For Malcolm X Day, Kamilah Majied, Pamela Ayo Yetunde, Johnny Dean Jr., and Justin F. Miles offer their commentary on Malcolm X’s spiritual journey, and what his example as an African American Muslim minister and human rights activist has meant to their own.
Honoring the Spiritual Leadership of El-Hajj Malik El-Shabazz
By Dr. Kamilah Majied
May 19 marks the 97th anniversary of El-Hajj Malik El-Shabazz’s birth. It’s a good time to reflect on how his expansive leadership, cultivated by his ever-growing spirituality, positively enriched humankind.
Just as each spiritual tradition has guiding principles that reflect the wisdom of many spiritual traditions, contemplative leaders such as Malcolm X live and lead in ways that have deep resonance with the wisdom of many spiritual traditions.
As a Black scholar-activist raised Muslim, I experience reverberations of Islamic teachings alongside echoes of the words of Malcolm X which have come to resonate beautifully together throughout my 40 years of Buddhist practice.
Malcolm X transmuted his sufferings with drugs and violence into compassionate guidance and leadership.
One such resonance is the Islamic and Buddhist insight about the profound enrichment of our humanity that can be achieved through reading. Islamic scholarship is the foundation for much of the humanities, mathematics, and sciences because so many historical and contemporary Muslim scholars understood that the development of their minds through reading, creating, and writing was an act of faith, an expression of devotion to their spiritual practice. I remember when I was a teenager hearing a speech where Malcolm X said that his alma mater was books and that “after becoming a Muslim in prison, I read everything I could put my hands on in the prison library.” El-Hajj Malik’s voracity in reading matched that of my mother and further fueled my own journey into the world of books as an aspect of my spiritual growth.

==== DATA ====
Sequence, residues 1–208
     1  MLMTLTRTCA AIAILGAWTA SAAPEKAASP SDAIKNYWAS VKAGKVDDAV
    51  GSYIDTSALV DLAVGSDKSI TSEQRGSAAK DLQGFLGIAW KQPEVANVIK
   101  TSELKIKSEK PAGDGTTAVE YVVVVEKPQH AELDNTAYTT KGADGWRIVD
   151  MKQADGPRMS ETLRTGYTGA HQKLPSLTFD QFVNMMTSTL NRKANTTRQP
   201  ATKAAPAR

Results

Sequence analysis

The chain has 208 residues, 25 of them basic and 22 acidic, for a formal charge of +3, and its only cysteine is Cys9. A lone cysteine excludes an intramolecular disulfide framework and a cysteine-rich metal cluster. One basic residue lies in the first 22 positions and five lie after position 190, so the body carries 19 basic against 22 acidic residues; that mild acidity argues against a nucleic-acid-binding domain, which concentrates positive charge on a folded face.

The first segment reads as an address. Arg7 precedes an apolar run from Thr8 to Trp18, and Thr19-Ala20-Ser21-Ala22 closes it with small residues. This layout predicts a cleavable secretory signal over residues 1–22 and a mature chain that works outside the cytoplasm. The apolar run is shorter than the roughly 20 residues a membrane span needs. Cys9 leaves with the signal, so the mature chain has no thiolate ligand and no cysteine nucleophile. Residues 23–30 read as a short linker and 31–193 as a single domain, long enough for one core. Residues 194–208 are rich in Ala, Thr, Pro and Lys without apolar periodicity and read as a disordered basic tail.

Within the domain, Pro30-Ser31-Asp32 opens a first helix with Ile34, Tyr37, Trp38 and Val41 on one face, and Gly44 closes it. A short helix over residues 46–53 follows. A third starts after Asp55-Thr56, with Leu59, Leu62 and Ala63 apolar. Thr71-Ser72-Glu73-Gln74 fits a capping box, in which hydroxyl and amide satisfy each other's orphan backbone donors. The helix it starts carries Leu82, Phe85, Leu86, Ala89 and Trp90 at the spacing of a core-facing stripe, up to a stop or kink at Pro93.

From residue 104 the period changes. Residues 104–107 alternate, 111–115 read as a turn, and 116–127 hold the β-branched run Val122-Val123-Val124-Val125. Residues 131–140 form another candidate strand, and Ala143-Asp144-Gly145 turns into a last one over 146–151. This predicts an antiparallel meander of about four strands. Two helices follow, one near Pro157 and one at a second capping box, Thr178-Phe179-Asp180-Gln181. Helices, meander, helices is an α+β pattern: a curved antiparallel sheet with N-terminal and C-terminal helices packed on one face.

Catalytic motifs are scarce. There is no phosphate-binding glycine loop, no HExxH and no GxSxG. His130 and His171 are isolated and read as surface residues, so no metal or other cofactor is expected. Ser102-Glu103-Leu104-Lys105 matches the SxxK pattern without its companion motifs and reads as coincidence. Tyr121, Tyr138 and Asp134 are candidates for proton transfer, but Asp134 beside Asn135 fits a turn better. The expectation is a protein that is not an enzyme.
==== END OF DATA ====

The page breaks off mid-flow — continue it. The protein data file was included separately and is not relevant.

My mentor, Buddhist philosopher and educator Dr. Daisaku Ikeda has written: “Reading allows us to view the incredible kaleidoscope of human behavior and emotion. It also gives us insight into the vast deep ocean of life existing beneath the countless rolling waves.” Exploring human experience through reading widely as I practice Buddhism helps me understand the waves of my own and others’ feelings and actions as undergirded by the currents of our karma and the current of our enlightenment. I have come to see how we can navigate the currents of karma and direct the current of our own enlightenment through practice.
The most salient lineage of insight that I can trace from my immersion in Islam and the wisdom of El-Hajj Malik El-Shabazz all the way through to my Buddhist practice is the wisdom of transforming adversity into opportunities for growth. Malcolm X embodied this wisdom by transmuting his sufferings with drugs and violence into compassionate guidance and leadership to steer people free of those sufferings. He states “There is no better teacher than adversity. Every defeat, every heartbreak, every loss contains its own seed, its own lesson”.
Through the teachings of Islam and Buddhism, and with deep gratitude for the spiritual, intellectual, and social justice leadership of El-Hajj Malik El-Shabazz, I can “turn poison into medicine”. This means manifesting the wisdom of the Lotus Sutra and healing myself and others through transforming the four sufferings into enlightenment.
By Pamela Ayo Yetunde
I don’t remember how old I was when I read The Autobiography of Malcolm X: As Told to Alex Haley (1964), but I remember a few things: I was a young child (born in 1961) who didn’t understand most of what she was reading; it was extracurricular (and therefore in my parents’ house or in the library) I had no adults helping me make sense of it; (my parents didn’t believe in helping children understand grown folks’ business); and I wanted to be free from the legacies of slavery and therefore vowed I would one day change my “slave name” to an African name. The wholesome desire for freedom and the vow to make that difference in my own life, qualities I learned later are similar to the bodhisattva ideal, came directly from El-Hajj Malik El-Shabazz, popularly known as Malcolm X, and that is why I can see his spiritual formation through a Buddhist lens.